Charlie, Liz & Meagan: Seoul Sub→Urban
Please tell us a little bit about yourself. Who you are, where you come from, when you moved to Seoul, etc.
I was born and raised in Wisconsin, where I also attended university, at the University of Wisconsin-Madison. I moved to Korea for the first time in 2005, spending two years there before leaving for ten months of travel throughout Asia and a year living in New Zealand and Australia, and returned to Seoul in 2009.
When and why did you decide to start blogging about your experiences?
I started blogging shortly after returning to Seoul in fall 2009. The impetus was mostly to provide myself with a commitment to see more of the city than I had during my previous stint living there, to open up its hidden corners, and to engage with it and get to know it more. It’s an enormous city, but only a small portion of it gets covered in the tourist literature.
Do you have any favorite blog entries of yours?
Tell us about the ways your new life in Seoul differs from that back home. Did you have trouble getting used to the new circumstances? Did you experience culture shock?
The pace of life is probably the most salient difference. Seoul is a notoriously fast-paced city, and there’s an urgency that is at turns stressful and invigorating. Compactness is the other big difference. I come from a car culture, but in Seoul there are so many things that I can simply walk to. It’s great. I feel that I adapt to new places and situations fairly well, and I’m very laid-back, so culture shock wasn’t much of an issue for me.
Do you think you were fully prepared for what awaited you in Seoul? If you could, would you change some decisions/preparations you made?
I think I was decently prepared. Mostly I came with an open mind, which is 90% of the necessary preparations for moving to a new country. The biggest thing I would change if it was possible to go back in time would be to have taken Korean classes in university instead of Italian, but then again, I had no plans to move to Korea until about a month before I graduated, so I can’t really regret that too much.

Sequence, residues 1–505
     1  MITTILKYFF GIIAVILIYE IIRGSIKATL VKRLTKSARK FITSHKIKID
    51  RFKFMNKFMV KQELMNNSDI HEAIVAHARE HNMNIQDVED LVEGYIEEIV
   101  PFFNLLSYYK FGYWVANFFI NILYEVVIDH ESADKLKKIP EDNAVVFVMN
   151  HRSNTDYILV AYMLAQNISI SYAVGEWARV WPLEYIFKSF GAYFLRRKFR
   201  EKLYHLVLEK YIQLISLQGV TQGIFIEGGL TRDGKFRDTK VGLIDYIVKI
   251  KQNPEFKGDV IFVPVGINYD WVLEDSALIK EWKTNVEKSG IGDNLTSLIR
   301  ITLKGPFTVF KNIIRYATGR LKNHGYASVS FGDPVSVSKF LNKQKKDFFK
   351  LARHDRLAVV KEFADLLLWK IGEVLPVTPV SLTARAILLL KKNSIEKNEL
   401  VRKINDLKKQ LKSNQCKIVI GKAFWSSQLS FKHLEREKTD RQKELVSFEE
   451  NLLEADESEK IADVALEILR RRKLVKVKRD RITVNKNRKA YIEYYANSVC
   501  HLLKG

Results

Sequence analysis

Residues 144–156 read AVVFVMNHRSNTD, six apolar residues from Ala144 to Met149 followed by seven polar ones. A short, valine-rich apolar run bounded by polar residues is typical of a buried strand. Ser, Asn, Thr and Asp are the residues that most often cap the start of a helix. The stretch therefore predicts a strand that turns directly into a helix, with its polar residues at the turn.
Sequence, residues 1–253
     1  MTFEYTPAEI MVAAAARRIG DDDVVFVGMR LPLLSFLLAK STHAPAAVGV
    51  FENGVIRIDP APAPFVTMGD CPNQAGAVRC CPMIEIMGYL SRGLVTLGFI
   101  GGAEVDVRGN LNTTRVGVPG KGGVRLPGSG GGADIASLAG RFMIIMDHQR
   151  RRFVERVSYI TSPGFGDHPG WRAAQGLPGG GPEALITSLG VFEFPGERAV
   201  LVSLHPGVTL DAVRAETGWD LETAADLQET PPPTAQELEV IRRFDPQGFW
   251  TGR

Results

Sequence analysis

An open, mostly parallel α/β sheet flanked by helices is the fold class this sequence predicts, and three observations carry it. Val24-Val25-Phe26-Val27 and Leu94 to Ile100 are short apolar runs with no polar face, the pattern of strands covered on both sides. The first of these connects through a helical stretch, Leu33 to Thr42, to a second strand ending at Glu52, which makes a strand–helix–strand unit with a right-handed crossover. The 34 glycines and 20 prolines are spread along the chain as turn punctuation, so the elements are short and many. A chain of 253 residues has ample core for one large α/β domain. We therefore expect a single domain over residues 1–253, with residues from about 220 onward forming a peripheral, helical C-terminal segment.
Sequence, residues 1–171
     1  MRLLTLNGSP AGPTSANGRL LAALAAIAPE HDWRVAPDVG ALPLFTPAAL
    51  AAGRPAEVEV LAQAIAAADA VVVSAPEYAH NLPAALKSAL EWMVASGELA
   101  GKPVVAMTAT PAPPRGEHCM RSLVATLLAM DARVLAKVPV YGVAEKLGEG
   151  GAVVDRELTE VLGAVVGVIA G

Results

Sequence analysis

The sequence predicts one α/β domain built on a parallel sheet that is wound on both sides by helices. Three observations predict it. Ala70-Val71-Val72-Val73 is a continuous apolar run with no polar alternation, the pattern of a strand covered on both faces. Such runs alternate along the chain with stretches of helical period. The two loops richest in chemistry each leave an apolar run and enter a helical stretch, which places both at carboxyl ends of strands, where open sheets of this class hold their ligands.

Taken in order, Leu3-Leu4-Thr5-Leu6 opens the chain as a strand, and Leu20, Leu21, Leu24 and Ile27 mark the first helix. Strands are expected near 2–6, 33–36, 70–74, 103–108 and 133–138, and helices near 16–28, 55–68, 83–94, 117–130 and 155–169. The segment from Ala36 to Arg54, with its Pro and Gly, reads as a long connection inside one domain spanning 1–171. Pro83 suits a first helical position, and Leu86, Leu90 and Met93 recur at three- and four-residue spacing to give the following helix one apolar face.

Every expat knows that expat life comes with some hilarious anecdotes and funny experiences. Care to share one with us?
My first year living in Seoul proper I joined an amateur baseball team with a co-teacher from the middle school I was working at. It was about 15 middle-aged guys and me. Other teams in the league were named things like the Jets or the Bears or the Spiders. Our team name was in Korean, and at the time my Korean was pretty bad so I asked my co-teacher what our name meant. He sucked air in through his teeth, thought for a moment, and then said, “It means something like ‘Feels so good.’” We made it to the semi-finals.
Which three tips would you like to give future expats before they embark on their new life in Seoul?
Seoul is not a city that will sweep you off your feet. You’ll get out of it what you put into it, but if you make the effort it’s endlessly fascinating. Bone up on the country’s history, especially the modern stuff. It goes a long way to understanding the country’s society and attitudes. The city and people move at a breakneck pace, and you’ll unavoidably get caught up in it. Relaxing here pretty much requires a deliberate decision to do so, but it’s absolutely necessary that you make that decision once in a while.
How is the expat community in Seoul? Did you have a hard time finding like-minded people or fellow expats?
It’s continually getting bigger and more varied, with more organizations and groups and projects constantly springing up. I don’t find it particularly hard to find like-minded people, particularly of the expat stripe.
How would you summarize your expat life in Seoul in a single, catchy sentence?
The city can seem overwhelming at times, but the flip side of that is that things are constantly changing, evolving, happening; I’ve never been bored here.